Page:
Breaking up is a hard thing to do for Microsoft Corp. The computer software giant filed a Supreme Court appeal Wednesday, asking the justices to send the case to a federal appeals court.
The appeal urged the justices to avoid "the onerous task of sifting through a large and complex record and forgoing the many benefits of intermediate appellate review."
"Indeed, the number and nature of the errors below militate strongly in favor of review by the court of appeals," the appeal said.
Microsoft contends that U.S. District Judge Thomas Penfield Jackson came to the wrong conclusion that the company was involved in illegally anti-competitive conduct. The company also complained about Jackson's contacts with reporters.
CBS Legal Correspondent Andrew Cohen reports that this isn't an appeal on Microsoft's merits, but merely asking SCOTUS to sit tight and not get involved in the case until a lower court has a first crack at it.
Company lawyers apparently believe that they might get more sympathy from those judges. So Microsoft is arguing that the issues at hand don't warrant an extraordinary fast track appeal as noted.
But The Justice Department wants the Supreme Court to first handle the appeal before sending it to the U. S. Circuit Court of Appeals for the District of Columbia. They will formally respond to Microsoft's appeal by Aug. 14 under an expediting agreement with them.
The nation's highest court is not expected to say whether it will grant direct review or send the case to the appeals court until sometime in September at the earliest.
Lawyers for Microsoft told the justices, "The importance of these cases will not lie in how quickly they are resolved but in their long-term effects on consumers and this nation's economy."
The appeal added: "Allowing these appeals to proceed along the normal route to the court of appeals will best serve those interests."
The 30-page appeal, filed along with a 312-page appendix, listed eight questions of antitrust law the justices should consider if they choose to grant direct review.
Among them are whether Microsoft's design of its Windows 95 and Windows 98 operating systems to include Web-browsing functions constituted a tie-in violation of federal and state antitrust laws.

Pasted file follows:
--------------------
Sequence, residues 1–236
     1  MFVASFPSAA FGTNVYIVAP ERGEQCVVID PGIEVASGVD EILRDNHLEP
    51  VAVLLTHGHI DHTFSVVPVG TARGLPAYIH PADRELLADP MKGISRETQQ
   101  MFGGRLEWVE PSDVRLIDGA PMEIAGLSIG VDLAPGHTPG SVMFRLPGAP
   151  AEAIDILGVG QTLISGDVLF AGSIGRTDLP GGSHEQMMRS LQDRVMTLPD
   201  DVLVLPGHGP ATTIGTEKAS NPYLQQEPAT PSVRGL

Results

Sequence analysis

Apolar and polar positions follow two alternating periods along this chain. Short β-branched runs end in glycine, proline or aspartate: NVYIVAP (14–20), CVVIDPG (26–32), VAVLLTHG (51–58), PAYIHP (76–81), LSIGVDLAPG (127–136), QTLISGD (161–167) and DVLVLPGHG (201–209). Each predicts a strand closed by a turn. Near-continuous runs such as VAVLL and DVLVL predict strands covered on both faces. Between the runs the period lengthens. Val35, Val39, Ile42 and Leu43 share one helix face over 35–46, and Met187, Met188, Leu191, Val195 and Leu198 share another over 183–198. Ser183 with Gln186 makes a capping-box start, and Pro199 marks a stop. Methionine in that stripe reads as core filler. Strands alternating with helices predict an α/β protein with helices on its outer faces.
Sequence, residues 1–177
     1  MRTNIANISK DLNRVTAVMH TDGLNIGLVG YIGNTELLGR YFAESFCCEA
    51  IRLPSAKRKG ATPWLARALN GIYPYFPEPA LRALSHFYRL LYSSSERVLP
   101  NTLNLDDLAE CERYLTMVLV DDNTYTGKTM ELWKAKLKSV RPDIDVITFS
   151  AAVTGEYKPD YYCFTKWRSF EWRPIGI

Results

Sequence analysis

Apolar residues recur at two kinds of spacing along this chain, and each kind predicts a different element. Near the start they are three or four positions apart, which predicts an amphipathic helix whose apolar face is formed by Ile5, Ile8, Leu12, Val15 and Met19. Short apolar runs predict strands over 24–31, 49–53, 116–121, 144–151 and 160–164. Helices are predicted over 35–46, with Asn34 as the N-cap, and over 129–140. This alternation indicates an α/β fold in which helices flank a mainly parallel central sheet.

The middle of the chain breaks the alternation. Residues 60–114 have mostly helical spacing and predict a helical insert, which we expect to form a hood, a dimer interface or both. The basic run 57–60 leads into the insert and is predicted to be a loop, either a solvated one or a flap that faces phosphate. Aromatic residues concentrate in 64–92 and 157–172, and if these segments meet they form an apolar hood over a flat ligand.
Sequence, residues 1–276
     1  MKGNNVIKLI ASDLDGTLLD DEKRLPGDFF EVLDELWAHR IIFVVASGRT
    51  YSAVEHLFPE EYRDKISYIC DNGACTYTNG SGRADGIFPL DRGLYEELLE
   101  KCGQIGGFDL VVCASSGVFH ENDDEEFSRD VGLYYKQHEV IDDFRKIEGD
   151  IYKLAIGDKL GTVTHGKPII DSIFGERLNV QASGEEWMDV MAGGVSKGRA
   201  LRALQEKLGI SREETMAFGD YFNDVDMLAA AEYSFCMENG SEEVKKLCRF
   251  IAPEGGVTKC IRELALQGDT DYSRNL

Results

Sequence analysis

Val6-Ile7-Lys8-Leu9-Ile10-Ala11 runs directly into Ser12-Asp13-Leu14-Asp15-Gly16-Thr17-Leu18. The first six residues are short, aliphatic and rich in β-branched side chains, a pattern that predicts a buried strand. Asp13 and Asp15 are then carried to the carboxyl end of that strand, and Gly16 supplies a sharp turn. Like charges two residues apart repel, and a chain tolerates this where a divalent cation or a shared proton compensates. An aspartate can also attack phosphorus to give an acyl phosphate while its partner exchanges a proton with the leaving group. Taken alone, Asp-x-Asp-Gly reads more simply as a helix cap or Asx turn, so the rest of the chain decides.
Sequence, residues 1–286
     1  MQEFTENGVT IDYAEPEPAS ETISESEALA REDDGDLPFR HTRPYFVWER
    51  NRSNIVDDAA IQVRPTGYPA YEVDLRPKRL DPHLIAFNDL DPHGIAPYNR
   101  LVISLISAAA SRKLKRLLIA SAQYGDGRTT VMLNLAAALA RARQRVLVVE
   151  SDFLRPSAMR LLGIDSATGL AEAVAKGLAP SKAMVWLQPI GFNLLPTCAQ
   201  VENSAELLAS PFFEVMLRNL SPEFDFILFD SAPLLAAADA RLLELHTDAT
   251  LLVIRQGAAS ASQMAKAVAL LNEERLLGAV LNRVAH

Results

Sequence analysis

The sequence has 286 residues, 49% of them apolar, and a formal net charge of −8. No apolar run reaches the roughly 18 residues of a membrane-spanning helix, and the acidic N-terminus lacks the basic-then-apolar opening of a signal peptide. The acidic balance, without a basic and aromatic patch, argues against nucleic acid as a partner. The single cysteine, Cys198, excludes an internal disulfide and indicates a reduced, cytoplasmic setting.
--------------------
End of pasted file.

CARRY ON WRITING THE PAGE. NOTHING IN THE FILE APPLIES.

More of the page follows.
Also included was a challenge to the "sweeping permanent injunctive relief" ordered by a federal trial judge.
The appeal also raised the judge's "extrajudicial communications with members of the press," contending that they "require that the judgment be reversed and, if the cases are remanded, that they be assigned to another district judge."
Jackson invoked the expediting law and delayed implementing various conduct restrictions he imposed in his June 7 decision requiring Microsoft's breakup.
Among those restrictions, Jackson ordered Microsoft to divulge to outside developers technical information about the way its oprating systems interact with its software. Those developers would be able to pick apart the computer code without cost to improve their understanding of it and make their own products.
Microsoft also would no longer control what icons are on the Windows operating screen when a user buys a computer. A person buying a computer from a distributor such as Dell or Gateway would see a desktop that looked nothing like the usual Windows desktop.
Those restrictions no longer loom in the company's immediate future.
Under Jackson's breakup plan, Microsoft would be split into two companies.
One would sell Windows, the operating system that runs most of the world's personal computers. The other would sell everything else the company produces, such as its Internet services and its lucrative Office software suite, which includes popular word processing and spreadsheet programs.
Microsoft had been sued by the Justice Department and 19 states. Microsoft's Windows software operates more than 90 percent of the world's personal computers.
©2000 CBS Worldwide Inc. All Rights Reserved. This material may not be published, broadcast, rewritten, or redistributed. The Associated Press contributed to this report